Japanese mobile operator NTT DoCoMo and its vendor partner Huawei have announced that they have successfully tested the use of LTE over unlicensed 5GHz spectrum. It’s a significant development which will be of great interest to mobile operators around the world, as 5GHz is typically used today for wireless LANs and public wi-fi.
The research has been ongoing at a Huawei facility in Beijing since February this year, and involves so-called “Licensed Assisted Access” (LAA), a technology that expands LTE-compatible spectrum to unlicensed spectrum bands. This means that a mobile operator can offer its LTE service across both licensed and unlicensed spectrum, extending its availability to customers without having to rely fully on techniques such as carrier wi-fi.
The indoor test found that LAA can work in 5GHz bandwidth, leading to cell capacity of approximately 1.6 times greater than that of 802.11n, the most popular WLAN standard. NTT DoCoMo, which is due to roll out its LTE-Advanced service by March next year, believes higher-speed data communications and a higher cell capacity in dense traffic areas should be achievable by utilising the 5GHz spectrum for LTE and LTE-Advanced on a complementary basis in parallel with wireless LAN.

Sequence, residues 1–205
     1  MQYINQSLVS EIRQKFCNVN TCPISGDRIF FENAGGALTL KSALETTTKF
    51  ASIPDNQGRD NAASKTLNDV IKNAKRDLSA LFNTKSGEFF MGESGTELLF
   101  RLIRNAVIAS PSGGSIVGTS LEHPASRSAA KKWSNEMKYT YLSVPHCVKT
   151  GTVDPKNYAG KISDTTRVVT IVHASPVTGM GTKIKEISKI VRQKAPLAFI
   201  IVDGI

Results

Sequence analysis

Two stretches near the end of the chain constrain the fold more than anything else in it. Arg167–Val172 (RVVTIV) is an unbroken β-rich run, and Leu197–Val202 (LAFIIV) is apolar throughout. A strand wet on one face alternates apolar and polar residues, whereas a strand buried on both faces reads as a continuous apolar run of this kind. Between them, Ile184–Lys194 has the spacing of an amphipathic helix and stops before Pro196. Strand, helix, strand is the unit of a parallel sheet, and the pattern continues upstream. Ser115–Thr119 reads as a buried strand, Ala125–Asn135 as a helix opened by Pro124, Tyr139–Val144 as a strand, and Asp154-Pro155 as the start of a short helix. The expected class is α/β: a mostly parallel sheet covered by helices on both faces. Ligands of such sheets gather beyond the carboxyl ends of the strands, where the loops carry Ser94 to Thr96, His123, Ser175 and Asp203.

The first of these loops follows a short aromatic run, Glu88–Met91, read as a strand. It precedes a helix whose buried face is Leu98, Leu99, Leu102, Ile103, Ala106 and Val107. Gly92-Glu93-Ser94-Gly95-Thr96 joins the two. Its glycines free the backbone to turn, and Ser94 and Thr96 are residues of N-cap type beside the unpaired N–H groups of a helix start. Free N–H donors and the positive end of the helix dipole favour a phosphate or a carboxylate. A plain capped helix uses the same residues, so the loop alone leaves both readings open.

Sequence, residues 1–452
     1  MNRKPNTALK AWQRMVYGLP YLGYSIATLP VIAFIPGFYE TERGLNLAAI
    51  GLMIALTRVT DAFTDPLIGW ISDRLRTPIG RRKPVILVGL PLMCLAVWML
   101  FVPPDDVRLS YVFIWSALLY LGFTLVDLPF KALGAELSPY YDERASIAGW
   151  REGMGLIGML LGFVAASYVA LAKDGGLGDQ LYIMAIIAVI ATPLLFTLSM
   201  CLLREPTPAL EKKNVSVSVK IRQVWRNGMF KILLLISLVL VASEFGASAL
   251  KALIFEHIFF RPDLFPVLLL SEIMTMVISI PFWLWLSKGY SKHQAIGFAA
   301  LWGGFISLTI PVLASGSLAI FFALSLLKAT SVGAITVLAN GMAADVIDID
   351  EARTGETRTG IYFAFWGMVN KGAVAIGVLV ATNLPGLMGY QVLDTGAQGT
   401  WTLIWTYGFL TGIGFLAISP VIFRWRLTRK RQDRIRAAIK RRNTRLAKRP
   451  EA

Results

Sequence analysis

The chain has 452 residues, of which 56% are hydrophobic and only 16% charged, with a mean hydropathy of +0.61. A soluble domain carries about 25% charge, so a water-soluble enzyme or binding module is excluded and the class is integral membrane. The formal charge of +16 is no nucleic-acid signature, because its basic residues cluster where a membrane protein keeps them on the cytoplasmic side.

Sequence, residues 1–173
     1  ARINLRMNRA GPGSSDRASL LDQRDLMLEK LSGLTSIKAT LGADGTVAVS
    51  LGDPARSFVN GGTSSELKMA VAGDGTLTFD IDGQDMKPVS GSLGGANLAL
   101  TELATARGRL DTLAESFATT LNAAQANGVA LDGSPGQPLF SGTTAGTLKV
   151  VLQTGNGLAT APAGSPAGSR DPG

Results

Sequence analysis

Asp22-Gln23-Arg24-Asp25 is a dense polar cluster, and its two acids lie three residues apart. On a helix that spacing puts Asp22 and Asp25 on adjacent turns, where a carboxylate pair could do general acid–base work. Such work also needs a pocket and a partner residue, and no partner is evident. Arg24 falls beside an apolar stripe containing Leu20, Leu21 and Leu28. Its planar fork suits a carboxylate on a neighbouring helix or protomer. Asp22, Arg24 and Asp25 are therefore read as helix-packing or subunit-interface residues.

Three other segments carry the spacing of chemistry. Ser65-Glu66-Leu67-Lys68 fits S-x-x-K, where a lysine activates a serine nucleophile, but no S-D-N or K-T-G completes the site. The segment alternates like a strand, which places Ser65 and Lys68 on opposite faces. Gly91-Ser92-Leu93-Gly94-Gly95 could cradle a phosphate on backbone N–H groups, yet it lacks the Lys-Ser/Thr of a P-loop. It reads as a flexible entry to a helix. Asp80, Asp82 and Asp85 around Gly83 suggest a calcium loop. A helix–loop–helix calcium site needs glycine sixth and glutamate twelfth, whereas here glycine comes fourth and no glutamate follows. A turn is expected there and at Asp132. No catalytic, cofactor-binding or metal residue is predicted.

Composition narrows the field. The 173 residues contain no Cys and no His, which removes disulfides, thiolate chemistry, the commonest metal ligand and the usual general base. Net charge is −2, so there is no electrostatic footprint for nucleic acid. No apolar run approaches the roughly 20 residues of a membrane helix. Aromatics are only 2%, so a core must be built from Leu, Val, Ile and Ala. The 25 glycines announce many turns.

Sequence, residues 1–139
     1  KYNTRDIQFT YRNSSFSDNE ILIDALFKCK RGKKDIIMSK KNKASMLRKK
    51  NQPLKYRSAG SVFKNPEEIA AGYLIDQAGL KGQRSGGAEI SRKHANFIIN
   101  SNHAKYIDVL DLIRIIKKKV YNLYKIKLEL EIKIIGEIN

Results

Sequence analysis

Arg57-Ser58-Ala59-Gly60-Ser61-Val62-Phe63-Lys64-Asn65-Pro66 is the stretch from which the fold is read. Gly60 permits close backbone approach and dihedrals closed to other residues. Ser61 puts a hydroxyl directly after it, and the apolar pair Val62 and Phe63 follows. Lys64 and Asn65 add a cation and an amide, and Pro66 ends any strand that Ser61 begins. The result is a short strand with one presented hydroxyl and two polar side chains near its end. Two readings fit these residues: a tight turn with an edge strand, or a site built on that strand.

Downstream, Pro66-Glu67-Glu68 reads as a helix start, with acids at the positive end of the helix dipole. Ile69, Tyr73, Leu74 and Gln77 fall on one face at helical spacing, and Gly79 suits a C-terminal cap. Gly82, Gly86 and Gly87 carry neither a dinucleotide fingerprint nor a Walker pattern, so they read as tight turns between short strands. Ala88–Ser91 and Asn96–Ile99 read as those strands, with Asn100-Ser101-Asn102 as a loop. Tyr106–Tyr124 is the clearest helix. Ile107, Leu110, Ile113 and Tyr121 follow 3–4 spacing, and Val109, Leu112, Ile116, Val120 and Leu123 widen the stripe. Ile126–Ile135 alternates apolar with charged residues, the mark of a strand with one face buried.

"We are very pleased to have confirmed that LAA is a viable technology for LTE and future LTE-Advanced," said Seizo Onoe, EVP and CTO at NTT DoCoMo. "We aim to contribute to the standardization of this technology, which inherits the highly advanced features of LTE, to further enhance the global user experience with wireless broadband."
The standardization of LAA is due to be discussed later this year by 3GPP. Meanwhile, NTT DoCoMo said it would continue to pursue its development whilst also pushing for its standardisation.
3GPP first looked at LAA – or licence assisted carrier aggregation – in June, when it was decided to focus work on unlicensed 5GHz operation. Whilst it was agreed that a single global standard should be pursued, it was felt important that the chosen technology be able to coexist with wi-fi technology.
The initial work focused on using a primary LTE cell site to deliver critical information and provide quality of service, with a secondary unlicensed cell used to boost the data rate.
At that time, NTT CoCoMo concluded in its presentation to the 3GPP working group that LAA-LTE achieves more efficient wireless access than wi-fi. It also said more work was needed to investigate the benefits over 802.11ac – although yesterday’s announcement makes no reference to this newer WLAN standard.
“Initial results suggest that, when augmented with the appropriate coexistence mechanisms to operate in unlicensed spectrum, LTE can effectively coexist with wi-fi and outperform it in terms of spectral efficiency,” commented 3GPP TSG-RAN Chairman Dino Flore last year. It is expected that a complete global solution should be ready in 3GPP Rel-13. The next TSG-RAN meeting will be held in Edinburgh on September 9.
"We are pleased to see successful joint field results on deploying LAA in partnership with NTT DOCOMO," said Ryan Ding, Executive Director and President of Products & Solutions, Huawei. "Huawei is committed to helping operators to provide end-users with abundant mobile broadband experience by utilizing core LTE technologies such as LAA in spite of limited spectrum resources."
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